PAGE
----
Similar to syllable acoustic and syntax diversity, for each bird’s song, we calculated acoustic diversity over the 10 vocal states using Shannon information entropy27, $$-\sum {p}_{i}({{{\log}}}_{2}({p}_{i}))$$, but here $${p}_{i}$$ is the proportion of sounds within each vocal state i. Hereafter we will refer to this measure as “song diversity”. The highest theoretically possible diversity, with a uniform distribution of the 10 vocal states, is 10 times −0.1(log2(0.1)) = 3.32 bits. Pooling vocal states across all 228 birds recorded gives a diversity of 3.24 bits. This could mean that either song diversity tends to be high within-subjects, or alternatively, that different song “morphs” are evenly distributed. In the latter case, song diversity would be low within-subjects and high when pooled together. Interestingly, the median song diversity of individual birds in our population was 3.14 bits, fairly close to the pooled diversity and to the upper theoretical limit, suggesting a trend to develop acoustically “balanced” songs with respect to the 10 vocal states. The distribution of song diversity was asymmetric with a longer left tail (Fig. 4c) going down to about 2.3 bits, which would be equivalent to a song containing only 5 vocal states. This distribution of song diversity was stable during the lifetime of the colony (Supplementary Fig. 2).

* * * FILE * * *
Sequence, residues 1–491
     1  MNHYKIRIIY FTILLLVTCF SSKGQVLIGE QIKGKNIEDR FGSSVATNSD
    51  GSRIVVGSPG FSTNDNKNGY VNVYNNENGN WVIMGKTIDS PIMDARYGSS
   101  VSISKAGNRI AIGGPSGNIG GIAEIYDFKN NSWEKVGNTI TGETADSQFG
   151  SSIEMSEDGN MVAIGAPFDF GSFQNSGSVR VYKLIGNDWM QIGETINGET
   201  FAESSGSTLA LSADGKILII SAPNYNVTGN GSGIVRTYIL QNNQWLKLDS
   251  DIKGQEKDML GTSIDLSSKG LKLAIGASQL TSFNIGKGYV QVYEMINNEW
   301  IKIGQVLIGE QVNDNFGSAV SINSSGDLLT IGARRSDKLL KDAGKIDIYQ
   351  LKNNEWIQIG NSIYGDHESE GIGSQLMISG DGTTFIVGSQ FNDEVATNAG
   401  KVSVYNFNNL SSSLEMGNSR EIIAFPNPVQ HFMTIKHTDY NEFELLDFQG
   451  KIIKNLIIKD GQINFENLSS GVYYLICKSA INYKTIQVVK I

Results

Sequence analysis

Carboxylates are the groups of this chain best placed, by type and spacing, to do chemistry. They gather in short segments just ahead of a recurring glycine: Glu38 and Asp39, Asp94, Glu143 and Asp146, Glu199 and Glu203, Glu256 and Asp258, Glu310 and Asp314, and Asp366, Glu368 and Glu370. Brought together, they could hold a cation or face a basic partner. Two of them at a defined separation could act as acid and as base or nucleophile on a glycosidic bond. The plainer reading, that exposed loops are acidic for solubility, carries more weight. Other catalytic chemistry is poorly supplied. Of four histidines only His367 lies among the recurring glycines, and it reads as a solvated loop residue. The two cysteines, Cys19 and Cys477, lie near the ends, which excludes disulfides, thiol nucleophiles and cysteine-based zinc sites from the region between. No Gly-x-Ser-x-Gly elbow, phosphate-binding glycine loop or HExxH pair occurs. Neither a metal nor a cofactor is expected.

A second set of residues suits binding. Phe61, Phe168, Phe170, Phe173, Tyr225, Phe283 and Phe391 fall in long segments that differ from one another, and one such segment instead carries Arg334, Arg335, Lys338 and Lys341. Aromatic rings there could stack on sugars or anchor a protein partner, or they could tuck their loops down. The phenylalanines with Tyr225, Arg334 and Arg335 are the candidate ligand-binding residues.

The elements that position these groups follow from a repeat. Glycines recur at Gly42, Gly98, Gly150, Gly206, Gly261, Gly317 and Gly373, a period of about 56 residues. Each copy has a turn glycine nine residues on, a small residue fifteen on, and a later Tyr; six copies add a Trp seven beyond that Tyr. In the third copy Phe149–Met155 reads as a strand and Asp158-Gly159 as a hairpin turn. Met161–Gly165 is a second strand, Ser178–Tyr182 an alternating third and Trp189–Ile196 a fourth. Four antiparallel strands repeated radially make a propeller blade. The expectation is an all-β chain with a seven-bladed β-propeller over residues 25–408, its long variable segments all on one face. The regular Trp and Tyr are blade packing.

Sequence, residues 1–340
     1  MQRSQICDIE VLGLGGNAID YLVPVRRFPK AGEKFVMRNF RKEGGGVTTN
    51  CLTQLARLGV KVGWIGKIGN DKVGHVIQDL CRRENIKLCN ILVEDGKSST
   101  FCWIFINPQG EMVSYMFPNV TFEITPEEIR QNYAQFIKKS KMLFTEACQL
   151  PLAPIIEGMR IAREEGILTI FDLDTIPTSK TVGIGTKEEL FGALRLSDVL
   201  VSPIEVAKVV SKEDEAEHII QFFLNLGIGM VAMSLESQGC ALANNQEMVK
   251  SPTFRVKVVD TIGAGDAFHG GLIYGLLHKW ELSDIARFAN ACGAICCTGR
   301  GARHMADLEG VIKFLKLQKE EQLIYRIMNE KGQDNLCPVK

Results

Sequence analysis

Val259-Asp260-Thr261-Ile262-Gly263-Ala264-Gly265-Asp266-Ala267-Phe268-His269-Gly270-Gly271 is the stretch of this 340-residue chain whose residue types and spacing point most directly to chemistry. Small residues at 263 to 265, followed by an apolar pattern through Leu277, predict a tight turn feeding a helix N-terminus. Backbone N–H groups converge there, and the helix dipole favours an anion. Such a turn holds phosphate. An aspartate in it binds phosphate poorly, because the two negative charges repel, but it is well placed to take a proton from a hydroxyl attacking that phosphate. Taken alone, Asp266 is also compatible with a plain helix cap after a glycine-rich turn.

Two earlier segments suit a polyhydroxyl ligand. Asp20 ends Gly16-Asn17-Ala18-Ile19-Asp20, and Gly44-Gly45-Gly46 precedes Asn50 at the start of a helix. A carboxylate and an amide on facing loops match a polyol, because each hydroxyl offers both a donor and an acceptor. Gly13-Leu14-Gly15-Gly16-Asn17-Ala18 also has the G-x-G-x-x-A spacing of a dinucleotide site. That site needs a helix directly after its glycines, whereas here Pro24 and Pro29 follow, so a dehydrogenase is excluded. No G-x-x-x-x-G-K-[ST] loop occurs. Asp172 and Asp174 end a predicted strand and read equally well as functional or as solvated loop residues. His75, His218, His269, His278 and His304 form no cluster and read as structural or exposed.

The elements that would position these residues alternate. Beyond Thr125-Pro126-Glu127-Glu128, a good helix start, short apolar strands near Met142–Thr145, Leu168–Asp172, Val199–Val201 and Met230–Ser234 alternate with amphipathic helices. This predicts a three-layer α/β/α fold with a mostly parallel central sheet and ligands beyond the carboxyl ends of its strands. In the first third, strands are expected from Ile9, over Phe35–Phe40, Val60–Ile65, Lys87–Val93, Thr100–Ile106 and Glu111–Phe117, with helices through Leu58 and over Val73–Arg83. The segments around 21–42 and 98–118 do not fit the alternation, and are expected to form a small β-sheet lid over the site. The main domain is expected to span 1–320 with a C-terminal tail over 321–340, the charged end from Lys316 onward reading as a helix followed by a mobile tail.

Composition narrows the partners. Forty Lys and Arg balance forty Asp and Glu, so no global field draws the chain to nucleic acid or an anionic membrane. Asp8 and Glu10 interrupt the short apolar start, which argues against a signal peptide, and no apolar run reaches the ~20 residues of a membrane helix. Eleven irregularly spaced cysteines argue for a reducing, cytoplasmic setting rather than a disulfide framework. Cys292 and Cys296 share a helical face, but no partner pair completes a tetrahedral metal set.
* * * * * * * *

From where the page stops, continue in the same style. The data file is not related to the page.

Unlike the syllable diversity measures, tutor and pupil song diversity estimates based on vocal states were positively and significantly correlated (Fig. 4d, R2 = 0.21, linear mixed-effect model: n = 160 pairs, estimate = 0.40, t = 5.59, df = 159, p = 9.5e−8). As expected, the correlation with tutor’ song diversity explained only a fraction (21%) of the variance observed in pupil song diversity. In cases of poor imitation (below median, red markers), the correlation was driven primarily by tutors of low song diversity. However, all belonged to a single branch in our colony family tree. This may call into question the validity of the correlation observed in lower quartiles of pupil imitation similarity. However, in the top two quartiles of pupil imitation similarity the coefficient of determination is similarly robust (R2 = 0.23, Fig. 4d) with no apparent interaction with specific family branches.